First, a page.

Wednesday, 14 July 2010

The Mystery of the West Coast Trees

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This is the story about my ongoing puzzle with the trees of the West Coast of Scotland.



The first time I went out to the West coast I felt that the trees were wanting me to stop... sort of "calling" me. The urge to stop was really intense, but I felt so silly I never told anyone until a friend, passing through on holiday, mentioned his own experience. He was half amused, half embarrassed, to admit he'd actually stopped out West... and hugged a tree!

He made a joke and said the trees 'made him do it.' He obviously felt a bit idiotic, so I told him that I'd felt the trees calling me too. It was a relief to realise we'd both felt the same thing in almost the exact same place.

The next time I was out that way was about a year later. Hubby was on his way to a job and I'd gone with for the drive.

We were travelling through an area of fully grown pine forest, very near where I took this photo above, when it started. I was watching the trees zoom by when I started to hear a noise...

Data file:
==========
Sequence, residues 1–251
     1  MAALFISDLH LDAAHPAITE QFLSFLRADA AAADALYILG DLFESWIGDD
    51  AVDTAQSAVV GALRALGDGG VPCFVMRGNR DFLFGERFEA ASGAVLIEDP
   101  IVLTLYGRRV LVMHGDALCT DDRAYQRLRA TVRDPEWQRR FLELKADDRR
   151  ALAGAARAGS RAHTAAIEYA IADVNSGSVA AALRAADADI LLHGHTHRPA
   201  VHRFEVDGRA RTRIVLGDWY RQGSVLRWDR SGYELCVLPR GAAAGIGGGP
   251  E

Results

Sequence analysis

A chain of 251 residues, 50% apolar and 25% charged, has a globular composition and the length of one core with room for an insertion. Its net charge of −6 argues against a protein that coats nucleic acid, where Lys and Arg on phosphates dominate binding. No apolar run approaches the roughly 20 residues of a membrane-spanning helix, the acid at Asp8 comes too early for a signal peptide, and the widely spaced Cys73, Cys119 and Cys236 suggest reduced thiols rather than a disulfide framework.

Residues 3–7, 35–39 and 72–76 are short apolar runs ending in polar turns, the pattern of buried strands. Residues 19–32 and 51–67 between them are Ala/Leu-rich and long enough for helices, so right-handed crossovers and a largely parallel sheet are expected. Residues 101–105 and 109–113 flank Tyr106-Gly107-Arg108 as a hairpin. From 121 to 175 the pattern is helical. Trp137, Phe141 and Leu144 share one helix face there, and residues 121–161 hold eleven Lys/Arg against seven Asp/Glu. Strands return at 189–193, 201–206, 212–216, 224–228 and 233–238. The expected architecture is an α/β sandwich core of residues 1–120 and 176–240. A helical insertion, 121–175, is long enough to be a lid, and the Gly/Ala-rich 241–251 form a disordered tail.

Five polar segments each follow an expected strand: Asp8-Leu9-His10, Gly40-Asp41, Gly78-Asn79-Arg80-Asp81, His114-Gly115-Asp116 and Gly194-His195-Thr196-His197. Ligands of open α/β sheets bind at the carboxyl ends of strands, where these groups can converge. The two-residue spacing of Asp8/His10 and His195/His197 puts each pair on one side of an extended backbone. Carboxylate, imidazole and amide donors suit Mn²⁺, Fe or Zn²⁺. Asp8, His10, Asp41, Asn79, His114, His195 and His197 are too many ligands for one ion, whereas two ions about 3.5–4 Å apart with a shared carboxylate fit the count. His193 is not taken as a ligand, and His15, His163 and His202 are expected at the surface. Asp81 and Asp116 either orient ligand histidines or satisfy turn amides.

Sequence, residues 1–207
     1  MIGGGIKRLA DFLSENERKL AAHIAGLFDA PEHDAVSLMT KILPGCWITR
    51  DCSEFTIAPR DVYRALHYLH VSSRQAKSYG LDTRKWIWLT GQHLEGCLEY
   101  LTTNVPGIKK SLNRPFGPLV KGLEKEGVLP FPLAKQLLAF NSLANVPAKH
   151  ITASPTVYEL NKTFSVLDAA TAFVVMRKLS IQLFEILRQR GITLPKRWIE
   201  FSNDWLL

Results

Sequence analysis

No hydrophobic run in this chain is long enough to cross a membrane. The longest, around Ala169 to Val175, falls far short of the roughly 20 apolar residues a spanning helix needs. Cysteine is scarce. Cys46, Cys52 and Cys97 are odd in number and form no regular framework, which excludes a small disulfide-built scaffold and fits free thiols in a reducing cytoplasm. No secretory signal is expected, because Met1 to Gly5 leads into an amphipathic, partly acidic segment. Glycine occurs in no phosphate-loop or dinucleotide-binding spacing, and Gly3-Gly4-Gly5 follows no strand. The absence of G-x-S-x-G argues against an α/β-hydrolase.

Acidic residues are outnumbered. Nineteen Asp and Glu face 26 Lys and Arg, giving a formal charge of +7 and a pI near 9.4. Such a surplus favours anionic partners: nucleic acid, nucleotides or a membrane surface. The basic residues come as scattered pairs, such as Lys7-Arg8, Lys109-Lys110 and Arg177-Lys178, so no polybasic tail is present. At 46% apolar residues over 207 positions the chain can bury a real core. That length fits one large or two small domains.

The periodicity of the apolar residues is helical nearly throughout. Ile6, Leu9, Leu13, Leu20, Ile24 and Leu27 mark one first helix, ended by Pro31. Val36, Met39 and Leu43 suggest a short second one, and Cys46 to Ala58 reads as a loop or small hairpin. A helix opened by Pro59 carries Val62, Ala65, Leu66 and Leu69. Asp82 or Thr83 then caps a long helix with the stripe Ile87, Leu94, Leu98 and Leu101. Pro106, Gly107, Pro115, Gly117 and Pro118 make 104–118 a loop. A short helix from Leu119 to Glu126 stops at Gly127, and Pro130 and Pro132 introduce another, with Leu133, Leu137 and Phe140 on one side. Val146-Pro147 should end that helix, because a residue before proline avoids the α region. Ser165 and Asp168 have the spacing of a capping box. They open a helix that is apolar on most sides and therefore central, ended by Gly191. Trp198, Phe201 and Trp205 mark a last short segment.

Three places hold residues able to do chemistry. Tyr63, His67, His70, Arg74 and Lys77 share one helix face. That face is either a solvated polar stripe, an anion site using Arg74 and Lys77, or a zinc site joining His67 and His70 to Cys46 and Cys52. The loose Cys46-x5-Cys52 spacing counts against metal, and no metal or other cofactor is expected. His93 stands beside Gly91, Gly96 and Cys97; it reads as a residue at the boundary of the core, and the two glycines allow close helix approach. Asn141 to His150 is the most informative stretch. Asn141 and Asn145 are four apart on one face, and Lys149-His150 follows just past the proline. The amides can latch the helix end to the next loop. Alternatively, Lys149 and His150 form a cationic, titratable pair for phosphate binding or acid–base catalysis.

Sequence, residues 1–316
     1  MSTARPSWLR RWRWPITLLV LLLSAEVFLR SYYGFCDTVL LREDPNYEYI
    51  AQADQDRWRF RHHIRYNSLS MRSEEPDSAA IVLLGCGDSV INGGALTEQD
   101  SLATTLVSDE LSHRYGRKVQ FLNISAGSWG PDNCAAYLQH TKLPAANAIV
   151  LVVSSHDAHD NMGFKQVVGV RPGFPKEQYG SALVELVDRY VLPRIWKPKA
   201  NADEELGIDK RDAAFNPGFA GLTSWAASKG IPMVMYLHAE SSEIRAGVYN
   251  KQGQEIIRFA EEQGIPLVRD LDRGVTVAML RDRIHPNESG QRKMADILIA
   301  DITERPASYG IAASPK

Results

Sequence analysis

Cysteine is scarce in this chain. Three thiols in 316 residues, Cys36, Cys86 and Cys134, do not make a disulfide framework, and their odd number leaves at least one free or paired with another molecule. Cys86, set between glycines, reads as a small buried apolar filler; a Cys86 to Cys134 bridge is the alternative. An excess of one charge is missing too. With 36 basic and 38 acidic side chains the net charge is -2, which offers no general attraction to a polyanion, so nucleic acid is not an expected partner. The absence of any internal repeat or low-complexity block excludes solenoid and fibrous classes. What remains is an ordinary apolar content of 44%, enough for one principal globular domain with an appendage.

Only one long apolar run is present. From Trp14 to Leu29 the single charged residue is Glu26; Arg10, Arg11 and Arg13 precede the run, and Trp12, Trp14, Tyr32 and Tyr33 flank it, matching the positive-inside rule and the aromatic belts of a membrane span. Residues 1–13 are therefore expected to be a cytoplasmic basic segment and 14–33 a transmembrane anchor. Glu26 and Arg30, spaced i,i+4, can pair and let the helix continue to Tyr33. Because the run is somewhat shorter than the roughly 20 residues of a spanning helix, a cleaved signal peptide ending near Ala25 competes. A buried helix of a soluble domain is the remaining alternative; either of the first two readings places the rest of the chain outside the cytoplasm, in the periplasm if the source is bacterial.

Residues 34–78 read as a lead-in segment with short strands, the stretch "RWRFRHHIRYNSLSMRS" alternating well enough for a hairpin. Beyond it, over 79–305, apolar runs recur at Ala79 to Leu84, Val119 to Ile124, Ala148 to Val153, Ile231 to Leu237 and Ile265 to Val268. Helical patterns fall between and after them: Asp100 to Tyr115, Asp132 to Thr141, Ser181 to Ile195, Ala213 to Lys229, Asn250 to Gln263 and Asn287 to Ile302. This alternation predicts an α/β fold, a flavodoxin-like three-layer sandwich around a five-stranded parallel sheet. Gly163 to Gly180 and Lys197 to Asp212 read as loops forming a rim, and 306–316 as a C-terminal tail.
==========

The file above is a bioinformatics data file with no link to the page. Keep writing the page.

It was a bit like when you have ringing in your ears, but it sounded like thousands of voices singing a single note. It was a very deep "OHM" sound, like the Tibetan monks sing/chant. It was mesmerising.

As we moved from the forest into an open area the sound faded... then, as we drove through a forestry area of seedlings and young trees, a new sound started up. Only here the note was a much higher pitch, like an "aaaah" sung by a choir of schoolboys. I went online and found the exact pitch/sound. The seedling forest was like a flute playing 'A'.

It was really lovely, but over so fast and we came home a different route, so I wasn't able to see if they were willing to give a repeat performance.

We don't go out to the West Coast often, so I wasn't able to test whether these events were "one offs" or not. Then last year we took my parents on a day trip to Sky. On the way home we went more North-West, along the coast, through trees and... there it was again! That feeling that the trees were aware and calling to me.

Once again we couldn't stop. This time it was because we were on narrow windy roads with nowhere you could pull over. Very frustrating. Scotland's road department never thought of tourists! This time it was a group of big leafy trees (Beech? Not sure). I was half dozing in the car on the way home when I felt this feeling on my face, like lightest fingertip taps. I knew it was the trees showing me how wind feels in your leaves and branches. It felt nice.

Further on there were pine trees and I tried to tune in to see what wind in pine trees feels like...